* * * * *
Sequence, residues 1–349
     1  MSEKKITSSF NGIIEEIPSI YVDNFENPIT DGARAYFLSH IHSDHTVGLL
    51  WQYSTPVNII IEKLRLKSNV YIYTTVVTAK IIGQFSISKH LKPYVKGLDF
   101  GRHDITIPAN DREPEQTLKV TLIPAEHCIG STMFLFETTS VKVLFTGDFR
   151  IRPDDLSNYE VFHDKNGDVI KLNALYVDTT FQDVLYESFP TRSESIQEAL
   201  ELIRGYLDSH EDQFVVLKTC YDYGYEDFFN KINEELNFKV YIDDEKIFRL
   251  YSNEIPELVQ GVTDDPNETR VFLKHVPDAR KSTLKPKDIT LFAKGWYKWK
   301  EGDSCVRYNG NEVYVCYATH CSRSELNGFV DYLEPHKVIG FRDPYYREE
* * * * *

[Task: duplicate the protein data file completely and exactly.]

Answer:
Sequence, residues 1–349
     1  MSEKKITSSF NGIIEEIPSI YVDNFENPIT DGARAYFLSH IHSDHTVGLL
    51  WQYSTPVNII IEKLRLKSNV YIYTTVVTAK IIGQFSISKH LKPYVKGLDF
   101  GRHDITIPAN DREPEQTLKV TLIPAEHCIG STMFLFETTS VKVLFTGDFR
   151  IRPDDLSNYE VFHDKNGDVI KLNALYVDTT FQDVLYESFP TRSESIQEAL
   201  ELIRGYLDSH EDQFVVLKTC YDYGYEDFFN KINEELNFKV YIDDEKIFRL
   251  YSNEIPELVQ GVTDDPNETR VFLKHVPDAR KSTLKPKDIT LFAKGWYKWK
   301  EGDSCVRYNG NEVYVCYATH CSRSELNGFV DYLEPHKVIG FRDPYYREE